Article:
After a spring decline, home prices in the Puget Sound area appear to be once more on the upswing.

For the third month in a row, home prices in October were higher than they were 12 months ago, according to the latest numbers from the S&P CoreLogic Case-Shiller Home Price Index, which lags by two months. Compared to the previous month, prices rose by a seasonally adjusted 0.7%.

In a big change from a general trend of declining growth over the past 18 months, year-over-year price growth has accelerated since July. The 2.5% year-over-year increase in home prices in King, Pierce and Snohomish counties is the largest year-over-year jump in home prices since February.

Still, home prices around these parts are growing slower than the national average.

Year over year, home prices nationally grew 3.3%, a trend that Craig J. Lazzara, S&P managing director, called “reassuring.”

“Home prices are currently more than 15% above the pre-financial crisis peak reached July 2006,” he said in a statement.

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Consistently low mortgage rates and a resilient job market suggest the national housing market may be “primed for a reacceleration,” said Zillow chief economist Matthew Speakman in a statement.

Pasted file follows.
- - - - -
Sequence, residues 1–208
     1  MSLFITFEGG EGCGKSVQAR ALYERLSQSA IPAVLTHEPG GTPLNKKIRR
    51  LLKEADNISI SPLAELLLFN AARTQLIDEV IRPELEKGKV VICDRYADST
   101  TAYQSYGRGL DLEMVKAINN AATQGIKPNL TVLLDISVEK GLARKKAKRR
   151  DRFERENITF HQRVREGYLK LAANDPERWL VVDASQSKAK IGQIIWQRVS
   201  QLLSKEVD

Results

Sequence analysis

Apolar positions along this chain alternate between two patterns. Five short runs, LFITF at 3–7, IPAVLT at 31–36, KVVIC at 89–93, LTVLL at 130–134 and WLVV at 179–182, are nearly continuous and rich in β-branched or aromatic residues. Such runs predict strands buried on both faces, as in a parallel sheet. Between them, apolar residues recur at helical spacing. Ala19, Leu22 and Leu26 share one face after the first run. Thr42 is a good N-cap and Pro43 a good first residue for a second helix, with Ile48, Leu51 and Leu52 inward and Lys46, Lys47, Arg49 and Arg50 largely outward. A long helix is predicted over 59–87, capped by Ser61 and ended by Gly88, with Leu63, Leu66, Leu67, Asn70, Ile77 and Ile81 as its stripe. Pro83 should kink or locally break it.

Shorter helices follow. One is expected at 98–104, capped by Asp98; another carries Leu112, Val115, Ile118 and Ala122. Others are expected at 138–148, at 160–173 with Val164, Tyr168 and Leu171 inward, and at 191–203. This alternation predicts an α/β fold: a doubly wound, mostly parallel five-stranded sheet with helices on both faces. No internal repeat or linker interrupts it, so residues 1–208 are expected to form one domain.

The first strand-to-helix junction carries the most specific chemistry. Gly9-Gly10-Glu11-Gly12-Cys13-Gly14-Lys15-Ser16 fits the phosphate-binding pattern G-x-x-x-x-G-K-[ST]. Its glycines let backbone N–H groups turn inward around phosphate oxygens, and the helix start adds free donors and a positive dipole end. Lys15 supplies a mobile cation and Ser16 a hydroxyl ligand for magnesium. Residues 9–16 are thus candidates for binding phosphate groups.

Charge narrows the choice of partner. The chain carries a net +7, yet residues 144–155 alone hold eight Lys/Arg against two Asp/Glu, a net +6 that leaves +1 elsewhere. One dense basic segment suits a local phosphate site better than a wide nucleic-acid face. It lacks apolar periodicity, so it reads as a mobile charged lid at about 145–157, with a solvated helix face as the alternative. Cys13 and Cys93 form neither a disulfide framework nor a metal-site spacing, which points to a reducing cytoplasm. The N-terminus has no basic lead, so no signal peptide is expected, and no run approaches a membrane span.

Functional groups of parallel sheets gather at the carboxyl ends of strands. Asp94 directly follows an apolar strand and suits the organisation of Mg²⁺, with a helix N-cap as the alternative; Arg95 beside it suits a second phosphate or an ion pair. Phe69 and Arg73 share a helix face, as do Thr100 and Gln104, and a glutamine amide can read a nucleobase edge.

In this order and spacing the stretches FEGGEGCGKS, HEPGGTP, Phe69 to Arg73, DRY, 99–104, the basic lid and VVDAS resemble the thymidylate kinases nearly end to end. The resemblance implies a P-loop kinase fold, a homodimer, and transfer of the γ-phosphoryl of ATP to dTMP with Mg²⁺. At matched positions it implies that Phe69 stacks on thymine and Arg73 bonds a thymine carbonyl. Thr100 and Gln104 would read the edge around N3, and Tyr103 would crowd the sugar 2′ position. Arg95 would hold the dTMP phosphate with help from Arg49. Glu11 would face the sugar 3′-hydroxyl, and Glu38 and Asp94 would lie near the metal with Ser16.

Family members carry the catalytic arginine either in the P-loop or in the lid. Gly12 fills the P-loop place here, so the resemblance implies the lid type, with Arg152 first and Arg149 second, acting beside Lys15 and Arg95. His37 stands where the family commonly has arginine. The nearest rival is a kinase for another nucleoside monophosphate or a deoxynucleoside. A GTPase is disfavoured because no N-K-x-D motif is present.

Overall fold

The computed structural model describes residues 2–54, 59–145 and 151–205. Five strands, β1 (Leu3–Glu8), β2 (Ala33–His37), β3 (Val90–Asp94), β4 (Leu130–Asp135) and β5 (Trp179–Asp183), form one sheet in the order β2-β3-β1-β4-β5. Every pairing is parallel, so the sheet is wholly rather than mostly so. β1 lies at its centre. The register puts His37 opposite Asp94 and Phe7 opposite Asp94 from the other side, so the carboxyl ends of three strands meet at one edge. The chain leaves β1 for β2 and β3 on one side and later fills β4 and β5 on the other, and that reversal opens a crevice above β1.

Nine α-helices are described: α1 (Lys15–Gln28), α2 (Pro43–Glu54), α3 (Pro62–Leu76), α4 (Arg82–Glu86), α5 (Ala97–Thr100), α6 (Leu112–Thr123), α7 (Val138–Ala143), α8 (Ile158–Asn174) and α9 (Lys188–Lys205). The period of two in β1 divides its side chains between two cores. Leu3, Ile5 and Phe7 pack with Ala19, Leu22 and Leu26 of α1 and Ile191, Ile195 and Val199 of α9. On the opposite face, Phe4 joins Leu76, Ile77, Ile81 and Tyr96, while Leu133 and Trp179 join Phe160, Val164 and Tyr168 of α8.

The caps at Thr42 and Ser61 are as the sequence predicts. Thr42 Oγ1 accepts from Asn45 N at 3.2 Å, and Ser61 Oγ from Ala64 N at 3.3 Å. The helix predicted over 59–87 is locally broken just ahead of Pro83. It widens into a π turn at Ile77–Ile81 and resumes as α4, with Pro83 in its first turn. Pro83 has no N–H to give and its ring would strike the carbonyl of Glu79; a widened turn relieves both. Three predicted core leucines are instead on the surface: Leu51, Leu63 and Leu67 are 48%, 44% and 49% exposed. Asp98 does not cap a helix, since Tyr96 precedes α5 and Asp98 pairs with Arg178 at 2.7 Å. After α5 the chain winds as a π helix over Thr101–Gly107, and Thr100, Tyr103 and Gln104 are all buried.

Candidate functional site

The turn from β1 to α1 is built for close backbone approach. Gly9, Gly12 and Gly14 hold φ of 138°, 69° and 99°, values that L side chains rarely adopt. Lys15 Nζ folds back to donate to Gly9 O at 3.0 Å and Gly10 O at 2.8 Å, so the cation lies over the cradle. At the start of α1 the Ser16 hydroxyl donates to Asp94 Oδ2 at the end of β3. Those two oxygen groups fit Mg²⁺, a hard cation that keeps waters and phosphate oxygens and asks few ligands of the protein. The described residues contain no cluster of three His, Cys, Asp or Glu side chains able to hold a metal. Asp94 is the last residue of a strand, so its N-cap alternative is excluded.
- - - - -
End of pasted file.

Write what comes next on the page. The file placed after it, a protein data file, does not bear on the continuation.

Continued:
Cities in the southeast saw the fastest price growth in the latest Case Shiller data. Tampa, Florida; Charlotte, North Carolina;  and Atlanta all rose by more than 4% year-over-year.

San Francisco was the only city to post a decline among the 20 major home markets tracked by the index. Home prices there fell by 0.4%, compared to last year.

October saw the fastest year-over-year jump in Seattle home prices in 12 months, according to data from the Northwest Multiple Listing Service.

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